Keepers of the traditional craftsmanship

Mohammad Abdul Halim’s story

As a young boy, Halim left school to work on his father’s ship as a cook and errands boy. In those days, that was how an apprentice sailor began. He slowly worked his way up until one day the captain decided he was ready to manage his own vessel. Halim’s family came from a long line of sailors but, with the introduction of mechanical engines, sailors lost their income and livelihood as their services were no longer required. Halim’s family were forced to sell their boats and he went to Narayanganj to work on a boat Runa Khan and her husband had acquired. It was also here that Halim discovered his skills at building model replica boats. Halim worries that future generations will not want to continue his craft. However, he believes that the boat-building tradition can be retained if there is a strong training programme and trainees are offered job opportunities thereafter.

“This notion of preservation was not something we really understood before. It was only after we joined Friendship’s cultural preservation programme that we understood the need for it. When we worked before, it was simply to make ends meet, to put food on the table and so on. Now, we see the value in preserving Bangladesh’s boat making heritage”.

Mohammad Abdul Halim, from Chilmari, Karai-Barisal char, craftsman for Friendship.

Baidyanath Sutradhar’s story

Baidyanath has been building boats since he was 15 years old, a craft he learnt from his father and that he, in turn, has passed down to his sons. For him, much of the learning process involves interacting with the riverine people, understanding how they lived and asking them about the various boats he saw crossing on a daily basis. This has allowed him to gather extensive knowledge of the different styles of boat. He has created small replica models of the original boats to preserve for posterity but recognizes the need to build even more replica boats if the craftsmanship is not to be lost. Baidyanath often wonders whether his generation will be the last to recall the various boat building techniques. He is happy to be able to earn a stable income from a trade that he holds so dear and hopes to do all he can to preserve the knowledge of building these boats so dear to Bangladesh’s cultural heritage.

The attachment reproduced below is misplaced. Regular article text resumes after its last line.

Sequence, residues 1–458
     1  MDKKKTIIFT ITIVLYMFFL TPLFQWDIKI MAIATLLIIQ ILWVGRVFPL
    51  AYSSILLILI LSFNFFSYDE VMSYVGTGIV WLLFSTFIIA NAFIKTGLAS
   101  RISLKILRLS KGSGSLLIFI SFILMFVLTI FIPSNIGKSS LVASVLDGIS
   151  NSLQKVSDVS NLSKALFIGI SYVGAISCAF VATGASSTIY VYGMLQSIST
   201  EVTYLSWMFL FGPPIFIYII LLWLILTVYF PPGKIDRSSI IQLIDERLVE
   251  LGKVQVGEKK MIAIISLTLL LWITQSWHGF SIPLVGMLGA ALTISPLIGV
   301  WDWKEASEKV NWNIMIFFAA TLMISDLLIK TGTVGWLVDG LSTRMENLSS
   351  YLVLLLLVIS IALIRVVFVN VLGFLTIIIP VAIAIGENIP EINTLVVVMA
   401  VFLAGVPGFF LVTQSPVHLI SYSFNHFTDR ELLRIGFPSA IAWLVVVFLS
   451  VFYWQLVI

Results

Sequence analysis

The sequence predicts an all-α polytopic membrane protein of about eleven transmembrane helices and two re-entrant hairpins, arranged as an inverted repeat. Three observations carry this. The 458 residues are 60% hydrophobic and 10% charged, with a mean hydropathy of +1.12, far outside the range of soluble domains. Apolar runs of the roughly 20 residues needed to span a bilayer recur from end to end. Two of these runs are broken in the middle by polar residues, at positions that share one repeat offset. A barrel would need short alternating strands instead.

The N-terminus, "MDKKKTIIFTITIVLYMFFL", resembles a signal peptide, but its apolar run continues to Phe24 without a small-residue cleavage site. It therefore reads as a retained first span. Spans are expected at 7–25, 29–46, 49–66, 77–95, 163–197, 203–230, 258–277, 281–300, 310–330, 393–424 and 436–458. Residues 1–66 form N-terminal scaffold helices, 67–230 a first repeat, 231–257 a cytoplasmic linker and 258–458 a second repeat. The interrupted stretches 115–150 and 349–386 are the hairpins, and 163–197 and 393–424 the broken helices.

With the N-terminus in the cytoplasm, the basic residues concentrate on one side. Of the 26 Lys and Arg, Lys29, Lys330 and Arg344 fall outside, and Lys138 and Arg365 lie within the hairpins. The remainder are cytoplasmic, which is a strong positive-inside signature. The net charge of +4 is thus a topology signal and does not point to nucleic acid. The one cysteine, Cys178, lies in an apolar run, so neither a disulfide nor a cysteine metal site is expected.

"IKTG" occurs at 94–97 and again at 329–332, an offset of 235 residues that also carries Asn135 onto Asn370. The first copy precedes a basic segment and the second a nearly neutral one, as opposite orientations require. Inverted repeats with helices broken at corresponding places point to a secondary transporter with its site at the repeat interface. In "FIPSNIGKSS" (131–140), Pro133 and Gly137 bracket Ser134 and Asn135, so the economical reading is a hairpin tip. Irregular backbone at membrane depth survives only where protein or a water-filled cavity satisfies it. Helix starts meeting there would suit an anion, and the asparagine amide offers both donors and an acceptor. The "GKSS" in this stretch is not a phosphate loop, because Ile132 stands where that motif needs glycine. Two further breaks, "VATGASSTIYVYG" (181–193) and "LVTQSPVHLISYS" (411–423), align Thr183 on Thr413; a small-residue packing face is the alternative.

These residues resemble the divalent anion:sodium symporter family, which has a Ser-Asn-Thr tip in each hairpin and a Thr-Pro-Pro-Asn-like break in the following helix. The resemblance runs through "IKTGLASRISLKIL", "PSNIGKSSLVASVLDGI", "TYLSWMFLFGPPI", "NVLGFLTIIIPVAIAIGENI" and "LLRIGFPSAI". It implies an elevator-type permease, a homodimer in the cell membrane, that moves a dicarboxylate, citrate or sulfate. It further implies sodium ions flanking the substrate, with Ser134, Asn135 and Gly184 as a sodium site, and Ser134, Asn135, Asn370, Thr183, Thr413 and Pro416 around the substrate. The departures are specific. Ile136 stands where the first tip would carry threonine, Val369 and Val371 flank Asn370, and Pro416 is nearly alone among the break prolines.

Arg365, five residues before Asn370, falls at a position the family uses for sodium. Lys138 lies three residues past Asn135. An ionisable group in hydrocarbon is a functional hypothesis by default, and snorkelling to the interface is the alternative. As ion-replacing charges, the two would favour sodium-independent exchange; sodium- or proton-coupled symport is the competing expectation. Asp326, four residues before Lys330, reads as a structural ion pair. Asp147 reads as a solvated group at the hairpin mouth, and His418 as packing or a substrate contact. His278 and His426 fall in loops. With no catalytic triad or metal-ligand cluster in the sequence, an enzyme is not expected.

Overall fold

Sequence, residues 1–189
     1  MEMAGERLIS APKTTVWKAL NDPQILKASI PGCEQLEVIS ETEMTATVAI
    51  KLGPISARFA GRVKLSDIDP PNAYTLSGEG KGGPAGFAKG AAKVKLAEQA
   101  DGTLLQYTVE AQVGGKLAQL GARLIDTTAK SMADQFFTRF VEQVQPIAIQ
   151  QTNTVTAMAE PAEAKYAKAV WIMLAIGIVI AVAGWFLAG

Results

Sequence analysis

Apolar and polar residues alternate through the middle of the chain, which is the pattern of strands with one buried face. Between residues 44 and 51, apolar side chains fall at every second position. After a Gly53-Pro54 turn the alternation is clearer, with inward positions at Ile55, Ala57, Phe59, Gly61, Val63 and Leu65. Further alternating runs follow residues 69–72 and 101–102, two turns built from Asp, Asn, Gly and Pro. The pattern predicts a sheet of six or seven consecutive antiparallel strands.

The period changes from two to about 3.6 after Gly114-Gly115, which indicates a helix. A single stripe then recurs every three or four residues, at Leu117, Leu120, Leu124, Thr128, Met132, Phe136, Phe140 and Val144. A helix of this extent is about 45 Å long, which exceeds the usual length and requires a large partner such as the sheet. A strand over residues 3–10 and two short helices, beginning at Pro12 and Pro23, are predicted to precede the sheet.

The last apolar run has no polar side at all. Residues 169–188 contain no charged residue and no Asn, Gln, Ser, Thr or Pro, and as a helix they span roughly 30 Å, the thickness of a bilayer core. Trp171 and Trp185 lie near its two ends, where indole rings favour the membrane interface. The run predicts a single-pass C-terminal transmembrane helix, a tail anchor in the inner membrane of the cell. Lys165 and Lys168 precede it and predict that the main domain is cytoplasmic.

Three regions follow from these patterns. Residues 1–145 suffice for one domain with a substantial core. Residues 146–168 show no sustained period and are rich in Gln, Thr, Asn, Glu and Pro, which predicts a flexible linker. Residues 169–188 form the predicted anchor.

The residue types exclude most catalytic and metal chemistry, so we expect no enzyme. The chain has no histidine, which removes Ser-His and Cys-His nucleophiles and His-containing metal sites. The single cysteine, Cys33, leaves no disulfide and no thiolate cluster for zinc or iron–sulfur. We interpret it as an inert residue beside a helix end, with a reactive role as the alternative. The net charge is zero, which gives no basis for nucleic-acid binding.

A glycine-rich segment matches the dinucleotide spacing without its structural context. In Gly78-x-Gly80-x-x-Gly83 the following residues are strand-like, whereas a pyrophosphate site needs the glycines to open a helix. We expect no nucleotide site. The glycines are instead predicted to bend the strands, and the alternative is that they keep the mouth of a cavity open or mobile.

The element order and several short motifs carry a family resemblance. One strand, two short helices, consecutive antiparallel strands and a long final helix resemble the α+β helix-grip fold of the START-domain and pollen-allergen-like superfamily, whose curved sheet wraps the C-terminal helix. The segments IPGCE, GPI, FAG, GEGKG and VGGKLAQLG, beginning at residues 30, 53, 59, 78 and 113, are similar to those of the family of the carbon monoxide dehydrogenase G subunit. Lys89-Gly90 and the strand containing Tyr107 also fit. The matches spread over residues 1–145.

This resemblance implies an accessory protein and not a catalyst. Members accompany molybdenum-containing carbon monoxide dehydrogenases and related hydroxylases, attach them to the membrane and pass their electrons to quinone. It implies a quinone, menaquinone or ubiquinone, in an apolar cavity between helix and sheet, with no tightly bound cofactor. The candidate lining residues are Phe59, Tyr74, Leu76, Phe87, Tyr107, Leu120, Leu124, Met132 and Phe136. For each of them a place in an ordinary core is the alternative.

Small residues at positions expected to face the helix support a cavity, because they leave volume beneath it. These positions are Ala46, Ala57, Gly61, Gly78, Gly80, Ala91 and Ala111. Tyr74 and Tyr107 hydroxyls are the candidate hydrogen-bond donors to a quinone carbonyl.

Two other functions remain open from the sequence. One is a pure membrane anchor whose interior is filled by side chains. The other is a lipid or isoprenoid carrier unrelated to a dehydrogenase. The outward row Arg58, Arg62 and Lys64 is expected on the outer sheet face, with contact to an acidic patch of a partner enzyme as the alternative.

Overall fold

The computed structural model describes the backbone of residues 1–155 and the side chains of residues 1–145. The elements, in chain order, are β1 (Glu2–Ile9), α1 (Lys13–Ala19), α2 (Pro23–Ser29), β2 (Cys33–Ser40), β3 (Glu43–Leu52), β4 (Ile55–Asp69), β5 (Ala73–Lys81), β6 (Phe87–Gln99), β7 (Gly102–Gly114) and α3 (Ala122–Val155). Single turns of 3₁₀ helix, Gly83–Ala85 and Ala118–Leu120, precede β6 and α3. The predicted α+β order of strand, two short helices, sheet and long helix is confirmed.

“We’ll have to train up some people to keep this tradition alive. It’s not like we’ll be around forever, nor will my sons. However, we can pretty much make all the models now. That knowledge needs to be passed on”.

Baidyanath Sutradhar, from Maldapara, Pabna, craftsman for Friendship.

Friendship’s cultural preservation

Through its Cultural Preservation programme, Friendship is striving to organize exhibitions worldwide to help raise awareness of this traditional craftsmanship and to ensure that Bangladesh’s rich, cultural, boating heritage is kept alive for future generations to enjoy.

Friendship will also establish a museum in Bangladesh where we will display the replica model boats. Our experienced team of carpenters will also work there demonstrating ancestral techniques as well as teaching the skills to future generations during specific workshops. The museum will serve as testimony to our cultural legacy.

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